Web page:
Since I want to be able to play in different settings, I need the respective rpgs. On the other hand, I don't want to design just the bones, the system, without connection to each setting. I am not looking at a so-called universal rpg. I want the different concrete games for the different concrete settings where each game couples setting and rules. The GlovEngine is not to be an universal game, instead it is to be a generic meta-system that can be configured to work with different settings. The point is, I don't want to spend ages designing each game, thus I don't want to predict all conceiveable particular cases neither do I want to provide the corresponding rule for each of those cases. Instead, I need rules that are so abstract that they are as the maths of rpgs, able to allow me to handle any game situation as it fits the setting at hand. For this purpose I need to be free of game-specific value scales that constrain the ability to deal with entities within a particular setting that don't accommodate to the scale, or to compare entities in different settings.

GlovEngine has been designed in order to allow the production of games that require minimal setup and knowledge acquisition on either setting or game rules, games that can be picked up and played right away by people with minimal or no knowledge about rpgs.

How many times did you come across a great book or movie and thought, how wonderful it would be to turn it into a rpg? How often do you spend an evening to create a couple of characters? How much effort do you as GM need to put into preparing your game because you need to specify the stats of the game entities? And how much time do you have to do all of this, time you and your friends need to divert from other interests like work, family life and entertainment?

I want a game that can be set up and played the moment you know what it is all about (in other words, the moment you know the basics of the setting and the main characters in 'system-less' terms). I want you to be able to invite some friends that never played a rpg and tell them, 'folks, the movie was great, let's jump into it... right now'.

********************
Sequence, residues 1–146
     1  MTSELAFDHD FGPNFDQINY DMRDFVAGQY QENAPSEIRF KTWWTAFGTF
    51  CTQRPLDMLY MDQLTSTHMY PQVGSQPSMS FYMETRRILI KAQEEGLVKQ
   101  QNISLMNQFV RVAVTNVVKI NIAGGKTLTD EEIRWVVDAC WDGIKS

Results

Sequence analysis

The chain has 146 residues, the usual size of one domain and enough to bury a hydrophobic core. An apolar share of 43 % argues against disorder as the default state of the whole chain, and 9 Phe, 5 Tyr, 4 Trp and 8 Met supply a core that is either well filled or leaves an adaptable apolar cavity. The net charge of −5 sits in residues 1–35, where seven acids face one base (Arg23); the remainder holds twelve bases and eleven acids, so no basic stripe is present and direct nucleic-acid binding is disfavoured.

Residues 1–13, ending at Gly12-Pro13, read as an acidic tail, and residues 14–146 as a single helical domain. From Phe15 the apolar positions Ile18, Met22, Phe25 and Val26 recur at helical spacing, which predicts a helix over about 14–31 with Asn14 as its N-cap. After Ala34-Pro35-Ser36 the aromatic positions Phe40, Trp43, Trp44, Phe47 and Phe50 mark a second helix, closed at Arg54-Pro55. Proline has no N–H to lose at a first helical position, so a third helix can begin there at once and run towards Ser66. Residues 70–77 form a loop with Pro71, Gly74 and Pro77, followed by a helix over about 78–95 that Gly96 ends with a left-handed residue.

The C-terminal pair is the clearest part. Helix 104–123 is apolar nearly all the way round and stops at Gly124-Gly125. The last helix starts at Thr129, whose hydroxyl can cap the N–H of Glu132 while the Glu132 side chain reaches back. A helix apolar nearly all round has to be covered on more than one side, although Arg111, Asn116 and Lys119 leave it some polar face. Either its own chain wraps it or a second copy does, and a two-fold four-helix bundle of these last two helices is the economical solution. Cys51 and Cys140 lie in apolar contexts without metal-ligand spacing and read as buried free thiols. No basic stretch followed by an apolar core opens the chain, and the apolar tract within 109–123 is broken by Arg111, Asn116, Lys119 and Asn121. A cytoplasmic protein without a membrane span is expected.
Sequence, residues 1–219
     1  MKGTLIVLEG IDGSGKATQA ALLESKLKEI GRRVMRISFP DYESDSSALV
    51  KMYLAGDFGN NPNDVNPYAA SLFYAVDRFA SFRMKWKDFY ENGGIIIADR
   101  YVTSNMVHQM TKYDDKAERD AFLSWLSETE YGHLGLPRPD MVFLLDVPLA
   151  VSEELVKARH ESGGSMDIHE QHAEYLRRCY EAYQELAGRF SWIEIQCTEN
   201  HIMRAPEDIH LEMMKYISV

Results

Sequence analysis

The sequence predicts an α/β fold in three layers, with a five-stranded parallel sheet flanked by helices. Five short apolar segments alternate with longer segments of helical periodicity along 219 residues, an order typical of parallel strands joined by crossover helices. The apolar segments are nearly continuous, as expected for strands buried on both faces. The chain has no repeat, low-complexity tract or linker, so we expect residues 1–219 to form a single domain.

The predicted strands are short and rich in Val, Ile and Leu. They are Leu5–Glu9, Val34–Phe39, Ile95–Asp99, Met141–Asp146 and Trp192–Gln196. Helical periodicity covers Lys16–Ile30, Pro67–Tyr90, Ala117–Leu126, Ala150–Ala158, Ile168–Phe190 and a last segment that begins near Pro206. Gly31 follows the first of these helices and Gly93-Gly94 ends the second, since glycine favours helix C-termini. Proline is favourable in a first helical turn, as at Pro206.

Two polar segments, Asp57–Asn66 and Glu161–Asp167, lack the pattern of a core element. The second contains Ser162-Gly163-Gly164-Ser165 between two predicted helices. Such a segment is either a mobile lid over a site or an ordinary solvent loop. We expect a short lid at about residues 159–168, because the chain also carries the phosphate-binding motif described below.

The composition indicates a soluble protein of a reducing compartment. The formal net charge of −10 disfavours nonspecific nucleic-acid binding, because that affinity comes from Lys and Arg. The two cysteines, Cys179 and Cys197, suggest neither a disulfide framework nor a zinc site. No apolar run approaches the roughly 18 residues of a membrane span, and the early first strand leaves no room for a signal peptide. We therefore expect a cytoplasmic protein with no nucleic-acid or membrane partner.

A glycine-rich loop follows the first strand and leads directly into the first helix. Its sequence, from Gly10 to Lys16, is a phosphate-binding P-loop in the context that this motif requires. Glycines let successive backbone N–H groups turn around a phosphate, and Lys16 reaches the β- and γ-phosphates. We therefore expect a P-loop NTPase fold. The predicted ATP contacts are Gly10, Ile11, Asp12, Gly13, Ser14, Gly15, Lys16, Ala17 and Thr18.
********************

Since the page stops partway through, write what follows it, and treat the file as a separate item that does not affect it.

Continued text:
But, you may ask, is it doable?

I think so, that's why I designed my GlovEngine. I gave it this name because I want it to be the rpg rules system equivalent of a glove: Just as a glove adapts to whatever hand it fits on, GlovEngine must be able to adapt to any setting that may fit in. (Please, keep in mind the last part of the requirement. GlovEngine will not be fit for every situation, just like a particular glove does not fit all hands.)

Why do I think GlovEngine fits the bill? Let's see:

Setting first. I am a firm believer that a rpg is setting and rules. I don't subscribe to the rule-less rpg idea. Yet, the setting is the meat while the rules are the bones of the game. What bones you need depends on what meet you want to digest. That's why I say that the setting must come first.

This applies whatever the way the setting is presented. It can be a fiction book, a history book, a movie, a comic, clippings from newspapers, selections taken from different webpages, the game creator mental notes. In all cases there must be a setting where the players want to play, a setting that justifies the game and the rules it uses. To design the game we need to focus fist and foremost on the materials that contain the setting.

If one is to set up a GlovEngine game, one has to collect the materials that allow him to define his game, the type of events in it and the type of characters it will involve. Usually, these materials are not specifically game related. Think about Lord Dunsany's short story used as an example above. It is not a game-specific work and when Dunsany wrote it he did't consider its usage in rpgs (how could he since there were no rpgs at the time?). Now, suppose you are designing your own game world. Your concept, even if it is only in your mind, can be presented as the description of a world without any reference to gaming. If you have a good gaming world, it can stand on itself without the association with gaming (a recent forum at RPGnet Open highlighted this when considering several highly successful rpg settings; check ).

GlovEngine puts the reference materials at the centre and uses them directly as much as possible. It works on the principle that setting must come first.